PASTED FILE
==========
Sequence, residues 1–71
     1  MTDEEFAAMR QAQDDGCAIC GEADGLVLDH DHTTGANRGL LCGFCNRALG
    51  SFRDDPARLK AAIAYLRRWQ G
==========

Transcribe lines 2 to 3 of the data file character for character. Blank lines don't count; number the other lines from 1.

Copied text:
     1  MTDEEFAAMR QAQDDGCAIC GEADGLVLDH DHTTGANRGL LCGFCNRALG
    51  SFRDDPARLK AAIAYLRRWQ G